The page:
After Pope Francis accepted Cardinal Donald Wuerl's resignation as the archbishop of Washington Friday morning, the post remains empty yet the church remains under Wuerl's supervision as apostolic administrator.
WASHINGTON — Hours after Pope Francis accepted Cardinal Donald Wuerl’s resignation as the Archbishop of Washington, local Catholics said the timing surprised them but they want the church to focus on finding an outsider to succeed him.
Wuerl’s resignation comes after a Pennsylvania Grand Jury report found Cardinal Donald Wuerl played a role in covering up clergy abuse in the Pittsburgh diocese. Some Catholics in the Washington-area say they know who they don’t want to succeed Wuerl.
“No one who is connected to the Wuerl/McCarrick episcopacy should come to Washington. We need a complete outsider,” said Winnie Obike a Catholic who lives in Hyattsville, Maryland.
“We need more light and transparency and less cover-up,” Obike said.
She has heard from some of the 140,000 people who signed her online petition calling for Cardinal Donald Wuerl to step down as the Archbishop. Many are surprised at how quickly the pope accepted his resignation, which was submitted three years ago upon Wuerl’s 75 birthday.
“The church’s liturgical year begins in November with the celebration of All Saints Day and heading into advent and Christmas. So I was thinking we’d start the new liturgical year with a new archbishop,” she said.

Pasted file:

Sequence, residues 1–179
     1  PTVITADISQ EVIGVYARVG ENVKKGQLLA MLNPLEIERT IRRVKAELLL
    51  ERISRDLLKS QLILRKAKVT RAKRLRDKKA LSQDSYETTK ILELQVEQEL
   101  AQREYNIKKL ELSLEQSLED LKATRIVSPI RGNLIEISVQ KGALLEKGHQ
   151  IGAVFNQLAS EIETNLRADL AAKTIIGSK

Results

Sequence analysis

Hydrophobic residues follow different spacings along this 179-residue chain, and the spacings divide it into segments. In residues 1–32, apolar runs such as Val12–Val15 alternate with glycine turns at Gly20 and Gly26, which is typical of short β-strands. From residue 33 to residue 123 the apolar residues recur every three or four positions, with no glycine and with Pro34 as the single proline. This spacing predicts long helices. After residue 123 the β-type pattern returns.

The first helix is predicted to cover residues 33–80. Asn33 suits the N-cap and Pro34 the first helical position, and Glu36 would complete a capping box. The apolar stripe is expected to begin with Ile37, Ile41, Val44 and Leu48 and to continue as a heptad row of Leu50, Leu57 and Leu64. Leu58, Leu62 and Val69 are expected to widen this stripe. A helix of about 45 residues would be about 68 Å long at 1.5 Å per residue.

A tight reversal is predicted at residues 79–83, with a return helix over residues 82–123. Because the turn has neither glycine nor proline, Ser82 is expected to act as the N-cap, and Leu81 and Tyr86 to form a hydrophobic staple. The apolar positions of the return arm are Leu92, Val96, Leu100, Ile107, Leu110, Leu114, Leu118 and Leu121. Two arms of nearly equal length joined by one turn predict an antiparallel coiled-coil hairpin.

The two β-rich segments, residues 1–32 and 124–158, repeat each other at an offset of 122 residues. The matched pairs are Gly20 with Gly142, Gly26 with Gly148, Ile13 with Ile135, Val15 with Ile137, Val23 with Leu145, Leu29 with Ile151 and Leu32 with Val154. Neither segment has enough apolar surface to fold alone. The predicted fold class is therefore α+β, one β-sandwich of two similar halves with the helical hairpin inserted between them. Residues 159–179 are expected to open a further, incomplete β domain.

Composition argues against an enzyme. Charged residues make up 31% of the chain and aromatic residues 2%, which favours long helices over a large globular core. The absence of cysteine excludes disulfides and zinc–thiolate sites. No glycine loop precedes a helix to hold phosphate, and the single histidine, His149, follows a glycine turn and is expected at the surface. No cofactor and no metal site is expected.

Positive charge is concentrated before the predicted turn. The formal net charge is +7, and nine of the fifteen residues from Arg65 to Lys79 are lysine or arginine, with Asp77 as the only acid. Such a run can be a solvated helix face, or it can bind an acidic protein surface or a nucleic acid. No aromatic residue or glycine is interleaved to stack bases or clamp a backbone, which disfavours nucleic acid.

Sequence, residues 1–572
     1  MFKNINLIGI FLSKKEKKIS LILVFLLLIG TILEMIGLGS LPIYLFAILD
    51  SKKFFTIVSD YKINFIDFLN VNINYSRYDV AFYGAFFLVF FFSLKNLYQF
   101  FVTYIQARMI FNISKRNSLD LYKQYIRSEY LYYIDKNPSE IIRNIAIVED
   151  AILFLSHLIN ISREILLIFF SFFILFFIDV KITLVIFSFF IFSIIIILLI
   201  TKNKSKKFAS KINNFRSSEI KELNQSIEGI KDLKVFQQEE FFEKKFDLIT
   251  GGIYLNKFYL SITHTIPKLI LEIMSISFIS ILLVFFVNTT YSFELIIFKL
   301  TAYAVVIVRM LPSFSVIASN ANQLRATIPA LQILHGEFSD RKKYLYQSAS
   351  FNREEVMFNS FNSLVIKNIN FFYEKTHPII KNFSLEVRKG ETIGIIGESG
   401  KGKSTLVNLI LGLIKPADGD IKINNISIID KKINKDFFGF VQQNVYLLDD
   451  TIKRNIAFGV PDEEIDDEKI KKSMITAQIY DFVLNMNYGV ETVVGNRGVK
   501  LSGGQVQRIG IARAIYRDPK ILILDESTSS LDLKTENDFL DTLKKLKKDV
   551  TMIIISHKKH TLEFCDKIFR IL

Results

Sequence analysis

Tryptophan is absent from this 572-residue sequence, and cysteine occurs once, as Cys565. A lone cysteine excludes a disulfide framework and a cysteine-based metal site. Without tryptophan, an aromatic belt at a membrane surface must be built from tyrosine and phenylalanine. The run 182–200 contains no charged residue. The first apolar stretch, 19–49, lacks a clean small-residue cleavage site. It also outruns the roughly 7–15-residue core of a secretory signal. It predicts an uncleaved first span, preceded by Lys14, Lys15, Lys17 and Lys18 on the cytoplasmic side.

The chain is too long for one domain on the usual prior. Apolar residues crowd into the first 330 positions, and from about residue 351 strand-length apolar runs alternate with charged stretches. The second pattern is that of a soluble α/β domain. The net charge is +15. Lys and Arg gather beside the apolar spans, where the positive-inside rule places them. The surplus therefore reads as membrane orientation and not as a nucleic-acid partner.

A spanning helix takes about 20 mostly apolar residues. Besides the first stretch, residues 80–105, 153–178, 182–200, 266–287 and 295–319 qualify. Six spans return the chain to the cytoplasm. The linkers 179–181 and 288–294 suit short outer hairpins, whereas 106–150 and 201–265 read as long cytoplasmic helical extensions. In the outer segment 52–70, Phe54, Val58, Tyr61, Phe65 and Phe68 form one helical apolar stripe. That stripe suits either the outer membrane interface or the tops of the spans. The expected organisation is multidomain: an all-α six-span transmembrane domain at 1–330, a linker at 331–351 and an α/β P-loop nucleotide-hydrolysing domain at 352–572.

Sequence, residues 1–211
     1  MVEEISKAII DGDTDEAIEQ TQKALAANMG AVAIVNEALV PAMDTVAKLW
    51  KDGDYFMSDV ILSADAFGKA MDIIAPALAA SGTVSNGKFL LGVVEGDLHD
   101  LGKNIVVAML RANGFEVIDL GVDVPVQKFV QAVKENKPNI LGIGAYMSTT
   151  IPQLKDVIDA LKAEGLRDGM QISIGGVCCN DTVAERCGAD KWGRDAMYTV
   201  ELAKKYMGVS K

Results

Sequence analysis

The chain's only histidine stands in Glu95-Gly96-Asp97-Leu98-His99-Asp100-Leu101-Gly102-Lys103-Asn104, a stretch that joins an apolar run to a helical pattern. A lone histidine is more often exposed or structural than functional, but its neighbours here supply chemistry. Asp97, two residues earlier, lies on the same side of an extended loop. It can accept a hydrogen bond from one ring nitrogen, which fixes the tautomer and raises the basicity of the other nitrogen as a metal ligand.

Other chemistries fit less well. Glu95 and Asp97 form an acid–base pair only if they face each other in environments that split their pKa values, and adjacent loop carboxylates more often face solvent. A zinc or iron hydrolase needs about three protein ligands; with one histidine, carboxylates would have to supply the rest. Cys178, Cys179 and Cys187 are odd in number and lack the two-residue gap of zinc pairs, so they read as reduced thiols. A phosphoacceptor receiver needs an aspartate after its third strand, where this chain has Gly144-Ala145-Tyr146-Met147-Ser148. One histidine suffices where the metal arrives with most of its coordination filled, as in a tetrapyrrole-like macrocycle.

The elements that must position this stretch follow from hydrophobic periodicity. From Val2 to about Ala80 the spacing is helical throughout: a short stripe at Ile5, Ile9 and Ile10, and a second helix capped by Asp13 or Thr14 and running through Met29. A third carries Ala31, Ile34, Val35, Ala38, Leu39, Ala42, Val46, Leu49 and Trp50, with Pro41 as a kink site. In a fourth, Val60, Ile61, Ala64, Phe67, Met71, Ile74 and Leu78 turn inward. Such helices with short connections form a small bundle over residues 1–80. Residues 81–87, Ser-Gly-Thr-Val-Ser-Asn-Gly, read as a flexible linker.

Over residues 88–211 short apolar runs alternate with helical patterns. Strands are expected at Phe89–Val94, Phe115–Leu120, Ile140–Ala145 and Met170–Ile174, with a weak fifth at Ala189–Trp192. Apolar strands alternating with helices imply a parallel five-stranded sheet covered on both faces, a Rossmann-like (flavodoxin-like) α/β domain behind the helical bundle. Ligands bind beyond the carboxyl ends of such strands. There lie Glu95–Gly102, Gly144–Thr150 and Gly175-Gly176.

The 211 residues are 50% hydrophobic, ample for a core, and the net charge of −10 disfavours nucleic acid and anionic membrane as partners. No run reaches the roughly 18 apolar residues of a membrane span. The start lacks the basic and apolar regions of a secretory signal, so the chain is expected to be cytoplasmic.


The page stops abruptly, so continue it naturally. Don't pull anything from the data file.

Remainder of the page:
While his resignation is accepted, Wuerl is still in a caretaking role until a new archbishop is named to the Archdiocese of Washington, the Rev. William Byrne, pastor of Our Lady of Mercy in Potomac, Maryland, told WTOP.
Meanwhile, names of potential leaders for the archdiocese will be submitted to the pope through the apostolic nuncio for Pope Francis to determine the next suitable archbishop.
“In this way, you make clear the intent to put God’s Project first, before any kind of personal project, including what could be considered as good for the Church,” said the pope’s letter.
Although leadership for the Archdiocese of Washington is yet uncertain, Byrne said, “we are in a time where the sun is actually rising, it’s not setting. While it has been very painful, it’s not the pain of death, it’s the pain of birth.
“A time of great healing and a time of rebuilding, a time of hope. ”
WTOP’s Neal Augenstein and Megan Cloherty contributed to this report.
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